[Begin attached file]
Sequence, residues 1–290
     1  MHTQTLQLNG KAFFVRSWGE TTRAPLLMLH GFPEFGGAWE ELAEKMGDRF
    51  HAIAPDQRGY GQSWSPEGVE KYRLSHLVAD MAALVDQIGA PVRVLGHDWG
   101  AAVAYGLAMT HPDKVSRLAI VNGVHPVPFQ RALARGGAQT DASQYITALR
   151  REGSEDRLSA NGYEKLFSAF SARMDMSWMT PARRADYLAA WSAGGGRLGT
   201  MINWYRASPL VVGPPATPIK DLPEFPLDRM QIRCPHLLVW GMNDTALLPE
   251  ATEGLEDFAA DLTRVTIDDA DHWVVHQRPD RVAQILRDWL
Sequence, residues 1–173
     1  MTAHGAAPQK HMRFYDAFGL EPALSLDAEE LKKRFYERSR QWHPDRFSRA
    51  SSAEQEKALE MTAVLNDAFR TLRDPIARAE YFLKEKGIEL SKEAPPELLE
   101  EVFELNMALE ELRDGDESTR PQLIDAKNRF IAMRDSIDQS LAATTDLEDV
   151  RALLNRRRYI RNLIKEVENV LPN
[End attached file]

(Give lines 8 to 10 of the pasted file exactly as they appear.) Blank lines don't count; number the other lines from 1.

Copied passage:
Sequence, residues 1–173
     1  MTAHGAAPQK HMRFYDAFGL EPALSLDAEE LKKRFYERSR QWHPDRFSRA
    51  SSAEQEKALE MTAVLNDAFR TLRDPIARAE YFLKEKGIEL SKEAPPELLE